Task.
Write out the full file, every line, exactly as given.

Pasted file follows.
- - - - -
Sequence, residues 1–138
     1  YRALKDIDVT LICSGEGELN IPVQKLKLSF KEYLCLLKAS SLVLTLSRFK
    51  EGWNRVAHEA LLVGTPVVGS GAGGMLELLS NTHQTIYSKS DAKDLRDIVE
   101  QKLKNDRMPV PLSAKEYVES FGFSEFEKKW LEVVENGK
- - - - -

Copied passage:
Sequence, residues 1–138
     1  YRALKDIDVT LICSGEGELN IPVQKLKLSF KEYLCLLKAS SLVLTLSRFK
    51  EGWNRVAHEA LLVGTPVVGS GAGGMLELLS NTHQTIYSKS DAKDLRDIVE
   101  QKLKNDRMPV PLSAKEYVES FGFSEFEKKW LEVVENGK